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- Subject: Re: Suggestion: Lua 5.3 -- a facility for creating and manipulting Lua file handles (C API)
- From: William Ahern <william@...>
- Date: Sat, 16 Nov 2013 01:06:40 -0800
On Sat, Nov 16, 2013 at 07:32:43AM +0000, Sir Pogsalot wrote:
> errno. It's at least great that both Windows and Linux have strerror() --
> though it's still weird as hell that the function isn't thread-safe. I
> don't see a point to strerror_r() existing, would be nice if POSIX made
> more changes..
strerror is defined to return a useful error message even if the errno value
"Typically, the values for errnum come from errno, but strerror shall map
any value of type int to a message."
-- C99 (n1256) 126.96.36.199p2
To do this it needs to write into a static buffer. Nothing prevents a system
from making strerror thread-safe--it just needs to use thread-local storage.
But none do it, AFAIK.
I actually use this guarantee by C. All of my projects use a single int to
report errors (not a global one; the return it directly or via an
out-parameter). System errors are positive (as strongly implied by POSIX**)
and my project-specific errors are negative. I then split up the negative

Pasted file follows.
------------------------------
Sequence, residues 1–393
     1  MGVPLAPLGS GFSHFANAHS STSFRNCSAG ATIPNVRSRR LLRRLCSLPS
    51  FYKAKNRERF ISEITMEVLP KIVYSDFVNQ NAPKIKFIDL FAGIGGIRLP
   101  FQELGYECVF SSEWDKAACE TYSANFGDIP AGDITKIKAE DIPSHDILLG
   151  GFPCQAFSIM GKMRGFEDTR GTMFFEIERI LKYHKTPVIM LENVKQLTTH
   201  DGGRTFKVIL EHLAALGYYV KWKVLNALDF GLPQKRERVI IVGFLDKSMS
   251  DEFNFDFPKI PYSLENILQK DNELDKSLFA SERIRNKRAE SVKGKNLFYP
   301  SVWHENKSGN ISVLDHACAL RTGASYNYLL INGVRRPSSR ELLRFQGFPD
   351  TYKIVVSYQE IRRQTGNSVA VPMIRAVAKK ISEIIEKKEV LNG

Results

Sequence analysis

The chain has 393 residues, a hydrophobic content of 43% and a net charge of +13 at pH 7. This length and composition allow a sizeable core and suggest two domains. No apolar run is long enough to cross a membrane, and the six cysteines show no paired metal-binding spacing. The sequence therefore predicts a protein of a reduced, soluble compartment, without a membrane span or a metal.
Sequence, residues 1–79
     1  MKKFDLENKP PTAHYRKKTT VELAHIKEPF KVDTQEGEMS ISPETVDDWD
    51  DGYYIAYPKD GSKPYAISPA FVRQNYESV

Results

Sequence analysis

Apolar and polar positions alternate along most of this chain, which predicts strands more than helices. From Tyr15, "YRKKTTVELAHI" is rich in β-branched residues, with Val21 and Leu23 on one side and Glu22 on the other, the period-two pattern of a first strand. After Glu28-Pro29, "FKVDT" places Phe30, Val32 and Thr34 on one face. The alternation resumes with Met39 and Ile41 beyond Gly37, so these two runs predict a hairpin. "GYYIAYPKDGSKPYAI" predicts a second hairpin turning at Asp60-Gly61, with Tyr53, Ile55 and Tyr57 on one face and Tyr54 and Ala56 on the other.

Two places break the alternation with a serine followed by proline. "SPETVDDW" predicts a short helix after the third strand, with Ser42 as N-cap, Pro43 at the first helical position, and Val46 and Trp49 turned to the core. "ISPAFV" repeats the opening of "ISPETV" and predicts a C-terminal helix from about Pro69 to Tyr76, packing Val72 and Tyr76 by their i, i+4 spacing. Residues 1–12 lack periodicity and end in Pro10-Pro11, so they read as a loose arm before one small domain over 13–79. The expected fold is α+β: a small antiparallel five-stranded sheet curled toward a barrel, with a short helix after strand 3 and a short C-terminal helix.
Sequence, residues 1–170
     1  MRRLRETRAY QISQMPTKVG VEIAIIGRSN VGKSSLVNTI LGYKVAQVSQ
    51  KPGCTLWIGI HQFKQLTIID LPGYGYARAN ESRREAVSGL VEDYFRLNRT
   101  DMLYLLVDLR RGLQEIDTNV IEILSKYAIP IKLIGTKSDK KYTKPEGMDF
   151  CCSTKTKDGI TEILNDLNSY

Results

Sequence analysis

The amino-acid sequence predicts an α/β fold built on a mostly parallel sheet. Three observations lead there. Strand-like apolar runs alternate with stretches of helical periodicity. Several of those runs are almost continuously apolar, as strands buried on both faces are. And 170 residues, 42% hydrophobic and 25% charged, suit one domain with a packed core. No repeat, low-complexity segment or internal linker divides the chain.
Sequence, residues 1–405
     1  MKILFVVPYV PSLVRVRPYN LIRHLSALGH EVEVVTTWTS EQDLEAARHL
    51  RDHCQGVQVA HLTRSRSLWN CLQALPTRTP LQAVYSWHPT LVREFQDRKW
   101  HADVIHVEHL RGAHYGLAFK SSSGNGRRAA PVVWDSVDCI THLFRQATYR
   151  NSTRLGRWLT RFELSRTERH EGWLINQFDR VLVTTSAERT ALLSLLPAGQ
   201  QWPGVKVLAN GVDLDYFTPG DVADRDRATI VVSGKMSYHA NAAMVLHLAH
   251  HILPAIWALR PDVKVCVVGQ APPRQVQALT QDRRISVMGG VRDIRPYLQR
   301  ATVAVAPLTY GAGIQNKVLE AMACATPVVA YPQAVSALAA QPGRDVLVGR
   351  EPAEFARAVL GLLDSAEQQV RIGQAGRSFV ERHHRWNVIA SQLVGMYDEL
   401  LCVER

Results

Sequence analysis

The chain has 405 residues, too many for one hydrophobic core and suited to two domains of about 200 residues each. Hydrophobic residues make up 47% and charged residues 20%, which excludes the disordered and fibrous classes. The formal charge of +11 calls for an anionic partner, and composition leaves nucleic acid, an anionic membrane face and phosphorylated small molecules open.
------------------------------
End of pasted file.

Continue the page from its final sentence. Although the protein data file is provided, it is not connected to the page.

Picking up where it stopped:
range into namespaces, like so:
#define JSON_EBASE -(('J' << 24) | ('S' << 16) | ('O' << 8) | 'N')
#define HXD_EBASE -(('D' << 24) | ('U' << 16) | ('M' << 8) | 'P')
#define DNS_EBASE -(('d' << 24) | ('n' << 16) | ('s' << 8) | 64)
#define FASTPCRE_EBASE -(('F' << 24) | ('A' << 16) | ('S' << 8) | ('T' << 0))
This way my error scheme mimics C's and POSIX's (with its plusses and
minuses--simplicitly being the biggest plus). Applications are expected to
use the library-specific message writer (json_strerror, hxd_strerror, etc),
but if for some reason the value gets passed to strerror, the behavior is
still well defined, and the error can be decoded by an engineer.
** POSIX only requires that POSIX-defined errno values are positive.
Technically esoteric, system specific errno values could be negative. In
practice the only system I've found that uses negative errno values is